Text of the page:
9/17/2005

Performing diesel purge

I looked around forever to find a decent resource for doing routine stuff like diesel purges, oil changes, fuel filter changes, etc. There's a little Mindspring Members page that helped me a bit, but the pictures are crummy . Naturally, I decided to do my own thing and document everything I did. I started with my trusty mixing bowl that I shoved under the car, under the large fuel filter housing. I tend to spill diesel fuel every time I do something. I'm sure I will like not having oily spills everywhere.

Then I got 4 feet of 1/4" fuel line at AutoZone for $4.20. It's made by GoodYear. There it is, hanging on the mailbox. After that, I busted out a can of Liqui Moly Diesel Purge, which smells like diesel fuel even through paper, ziplock bags, and all kinds of seals of its own. Not surprisingly, there's plenty of diesel fuel in it. And some steroids, I think. While you're at it, it's crazy not to pick up a primary (inline) fuel filter because all of your fuel lines are going to be unhooked anyway. You can buy an inline filter for about $4.00 at AutoZone. They are made in Israel by Deutch, which is a very crazy juxtaposition. For a while now, I was thinking about purchasing OEM filters due to their superior quality. I use gloves. I got cheap plastic gloves at a dollar store, and they work ok. Otherwise, you will smell like diesel. Even though you don't mind it, your girlfiend will. You are all set to purge your diesel and clean your injectors. Firstly, find your secondary (larger) fuel filter. Trace the cloth line coming in from the left. As you can see, it's turning into a thicker line going to the right. Trace that line to the end. Unhook line where indicated. Don't lose the clamp. The indicated end is going into the jar filled with Liqui Moly. Then you will have to unhook the inline fuel filter. We decided that you might as well change it. Check lines A and B for wear and tear. Replace them if needed by cutting off pieces of required length off your 4 foot chunk of 1/4" fuel line. Unhook filter C. When I unhooked everything, this is what I got: A - the 90 degree end of fuel filter went here. B - straight end of fuel filter went here. C - line that you traced from large fuel filter housing went here. Of course, I leaked diesel fuel on the ground. Only a small portion of the fuel was caught by the blue mixing bowl sitting under the car. Hook up the 4 foot fuel line you bought at AutoZone to the straight end of your new fuel filter, not the 90 degree agle end. Then attach the 90 degree angle end of your fuel filter to the line A from previous pic. The line you bought that's now attached to new fuel filter is going into the jar. I used a jar from Jif peanut butter. I hammered out two holes in the lid, a larger one for the thicker line, and a smaller one for our 1/4" line. Then I filled the jar with Moly, and stuck both lines into the jar through the lid. I then placed the jar in a spot where it could sit still like so: If you really do pee in the Jif jar, I really do pity you.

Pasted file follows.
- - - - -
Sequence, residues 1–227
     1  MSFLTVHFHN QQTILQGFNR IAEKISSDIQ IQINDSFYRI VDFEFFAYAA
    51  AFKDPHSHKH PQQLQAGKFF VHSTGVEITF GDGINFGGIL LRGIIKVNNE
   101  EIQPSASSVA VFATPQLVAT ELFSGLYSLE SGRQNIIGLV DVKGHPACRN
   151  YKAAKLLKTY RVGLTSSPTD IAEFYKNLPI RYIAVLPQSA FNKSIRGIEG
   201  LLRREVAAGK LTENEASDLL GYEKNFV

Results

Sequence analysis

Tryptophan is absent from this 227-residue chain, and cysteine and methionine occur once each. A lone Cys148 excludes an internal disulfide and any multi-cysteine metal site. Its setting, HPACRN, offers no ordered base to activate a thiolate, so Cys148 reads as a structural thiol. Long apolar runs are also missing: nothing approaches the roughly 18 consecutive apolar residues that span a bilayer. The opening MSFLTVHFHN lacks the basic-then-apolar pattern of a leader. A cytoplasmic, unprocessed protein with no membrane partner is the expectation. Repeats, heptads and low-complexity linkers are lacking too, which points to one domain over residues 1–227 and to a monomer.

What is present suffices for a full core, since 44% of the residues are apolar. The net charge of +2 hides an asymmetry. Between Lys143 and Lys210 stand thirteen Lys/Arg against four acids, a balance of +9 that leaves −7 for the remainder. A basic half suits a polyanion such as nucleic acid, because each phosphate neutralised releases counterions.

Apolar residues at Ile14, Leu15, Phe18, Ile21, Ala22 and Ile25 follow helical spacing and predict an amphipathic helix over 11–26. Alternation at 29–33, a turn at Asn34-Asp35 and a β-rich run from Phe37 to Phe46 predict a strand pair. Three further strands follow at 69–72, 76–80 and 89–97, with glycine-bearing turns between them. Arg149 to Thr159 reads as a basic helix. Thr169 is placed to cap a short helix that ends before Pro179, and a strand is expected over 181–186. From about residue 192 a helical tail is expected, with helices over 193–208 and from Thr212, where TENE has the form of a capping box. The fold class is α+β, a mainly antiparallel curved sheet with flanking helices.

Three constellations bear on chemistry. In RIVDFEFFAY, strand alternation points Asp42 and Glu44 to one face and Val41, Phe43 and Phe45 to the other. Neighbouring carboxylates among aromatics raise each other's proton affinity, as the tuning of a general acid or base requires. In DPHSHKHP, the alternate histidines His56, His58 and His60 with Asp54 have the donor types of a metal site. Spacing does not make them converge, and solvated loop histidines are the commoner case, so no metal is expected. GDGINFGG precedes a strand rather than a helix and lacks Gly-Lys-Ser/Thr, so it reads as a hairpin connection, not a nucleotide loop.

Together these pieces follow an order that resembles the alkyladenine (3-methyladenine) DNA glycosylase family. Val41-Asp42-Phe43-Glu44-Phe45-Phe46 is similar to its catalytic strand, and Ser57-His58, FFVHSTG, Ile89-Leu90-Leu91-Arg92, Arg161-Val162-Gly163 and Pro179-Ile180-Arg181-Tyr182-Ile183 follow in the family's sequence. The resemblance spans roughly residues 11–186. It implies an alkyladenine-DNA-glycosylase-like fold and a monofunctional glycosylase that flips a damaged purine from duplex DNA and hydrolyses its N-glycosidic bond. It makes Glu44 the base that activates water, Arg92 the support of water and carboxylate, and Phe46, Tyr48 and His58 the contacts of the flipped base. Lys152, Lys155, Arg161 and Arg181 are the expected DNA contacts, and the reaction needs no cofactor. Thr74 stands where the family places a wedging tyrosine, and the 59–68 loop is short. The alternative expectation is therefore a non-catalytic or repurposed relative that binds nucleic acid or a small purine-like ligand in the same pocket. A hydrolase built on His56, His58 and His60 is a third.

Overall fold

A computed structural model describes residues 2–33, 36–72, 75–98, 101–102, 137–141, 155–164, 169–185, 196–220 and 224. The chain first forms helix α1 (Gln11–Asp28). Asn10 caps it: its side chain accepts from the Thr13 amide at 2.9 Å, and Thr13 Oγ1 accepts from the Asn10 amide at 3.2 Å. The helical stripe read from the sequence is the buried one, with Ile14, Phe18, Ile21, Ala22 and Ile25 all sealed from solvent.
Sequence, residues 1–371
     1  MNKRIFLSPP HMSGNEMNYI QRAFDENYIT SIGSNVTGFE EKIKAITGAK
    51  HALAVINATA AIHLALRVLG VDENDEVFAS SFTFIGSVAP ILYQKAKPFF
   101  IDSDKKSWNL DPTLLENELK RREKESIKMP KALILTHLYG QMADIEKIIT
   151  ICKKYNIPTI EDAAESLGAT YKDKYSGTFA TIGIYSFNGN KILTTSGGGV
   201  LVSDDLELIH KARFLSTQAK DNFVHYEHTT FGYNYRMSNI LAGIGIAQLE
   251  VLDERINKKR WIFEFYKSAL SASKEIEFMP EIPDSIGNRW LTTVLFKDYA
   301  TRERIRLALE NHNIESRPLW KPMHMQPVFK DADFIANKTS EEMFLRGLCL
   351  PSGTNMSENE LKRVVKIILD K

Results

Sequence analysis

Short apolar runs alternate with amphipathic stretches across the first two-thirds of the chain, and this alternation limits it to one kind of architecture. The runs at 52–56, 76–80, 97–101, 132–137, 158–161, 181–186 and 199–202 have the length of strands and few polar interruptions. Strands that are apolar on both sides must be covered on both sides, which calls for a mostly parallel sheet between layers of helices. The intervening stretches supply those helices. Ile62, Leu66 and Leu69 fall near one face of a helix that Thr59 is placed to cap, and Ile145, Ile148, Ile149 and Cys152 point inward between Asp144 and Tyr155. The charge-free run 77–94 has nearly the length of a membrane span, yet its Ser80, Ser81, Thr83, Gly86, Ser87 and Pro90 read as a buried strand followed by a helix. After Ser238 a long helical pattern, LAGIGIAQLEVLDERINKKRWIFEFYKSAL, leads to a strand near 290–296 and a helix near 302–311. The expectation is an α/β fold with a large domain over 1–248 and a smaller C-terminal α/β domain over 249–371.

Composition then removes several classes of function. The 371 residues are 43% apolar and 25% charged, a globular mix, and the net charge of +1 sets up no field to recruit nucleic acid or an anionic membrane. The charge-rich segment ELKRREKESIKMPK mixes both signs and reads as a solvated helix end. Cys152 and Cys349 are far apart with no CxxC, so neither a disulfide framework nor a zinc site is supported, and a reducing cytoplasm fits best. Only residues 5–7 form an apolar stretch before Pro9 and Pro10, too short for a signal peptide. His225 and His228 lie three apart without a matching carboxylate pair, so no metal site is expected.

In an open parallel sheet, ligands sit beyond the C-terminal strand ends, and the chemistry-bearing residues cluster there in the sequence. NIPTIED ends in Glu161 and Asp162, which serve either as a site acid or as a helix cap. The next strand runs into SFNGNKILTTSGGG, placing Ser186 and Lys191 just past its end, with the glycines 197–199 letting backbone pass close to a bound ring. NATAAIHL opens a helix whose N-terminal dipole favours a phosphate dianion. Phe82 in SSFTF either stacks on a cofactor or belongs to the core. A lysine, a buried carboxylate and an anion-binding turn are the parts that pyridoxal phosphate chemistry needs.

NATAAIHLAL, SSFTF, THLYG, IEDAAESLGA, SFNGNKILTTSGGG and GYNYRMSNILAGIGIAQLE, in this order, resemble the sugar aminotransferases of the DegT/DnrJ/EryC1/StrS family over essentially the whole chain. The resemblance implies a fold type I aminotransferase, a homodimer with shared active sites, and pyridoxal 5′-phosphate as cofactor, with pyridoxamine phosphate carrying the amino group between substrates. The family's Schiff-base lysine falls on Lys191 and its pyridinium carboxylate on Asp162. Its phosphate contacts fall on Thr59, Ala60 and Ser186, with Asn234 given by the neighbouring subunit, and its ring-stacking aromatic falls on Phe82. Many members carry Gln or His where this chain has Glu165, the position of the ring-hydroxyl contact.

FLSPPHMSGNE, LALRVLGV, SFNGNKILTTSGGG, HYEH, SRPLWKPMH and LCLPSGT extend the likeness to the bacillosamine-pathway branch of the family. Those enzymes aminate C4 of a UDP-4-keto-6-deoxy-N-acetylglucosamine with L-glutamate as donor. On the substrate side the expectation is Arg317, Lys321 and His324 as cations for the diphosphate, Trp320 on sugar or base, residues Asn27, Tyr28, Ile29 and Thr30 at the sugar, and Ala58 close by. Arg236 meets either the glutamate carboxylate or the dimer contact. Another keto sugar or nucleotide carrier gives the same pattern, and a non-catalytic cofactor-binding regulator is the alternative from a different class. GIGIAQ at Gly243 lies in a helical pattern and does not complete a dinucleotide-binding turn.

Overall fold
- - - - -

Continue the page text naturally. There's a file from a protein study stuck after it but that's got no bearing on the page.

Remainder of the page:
This is very important - make sure ends of your hoses stay firmly at the bottom of the jar. Here's another shot of how I arranged everything: Gentleman, start your engine. I let it idle for awhile, then yelled at my woman to come out and give it a little gas to about 20-25 on the tach while I was keeping an eye on the jar. When purge in the jar started to get low, I made sure that fuel lines stay at the bottom, then ran the car for another 30 seconds, then shut the engine off. The remaining purge went into the tank. Conclusion: Moly works! About 20 seconds into running my engine, it stopped knocking. Very nice. I then switched my attention to the used up inline filter: I noticed a lot of black stuff in it. Whether it's algae or something else, I had to see for myself what's inside: I then wrapped the fuel filter into a towel. The filter had ten more seconds to live. I proceeded to beat the filter in the towel with the hammer. The filter cracked, exposing cheaply-welded plastic halves: Inside, I found a little present filled with black poo: And another view: It's nothing but a plastic cylinder with a bottom and mesh walls. I bet folks at Mercedes-Benz dealership charge an arm and a leg to replace something like that. Mission accomplished. Your injectors are clean(er), and now we know what's inside the inline fuel filter.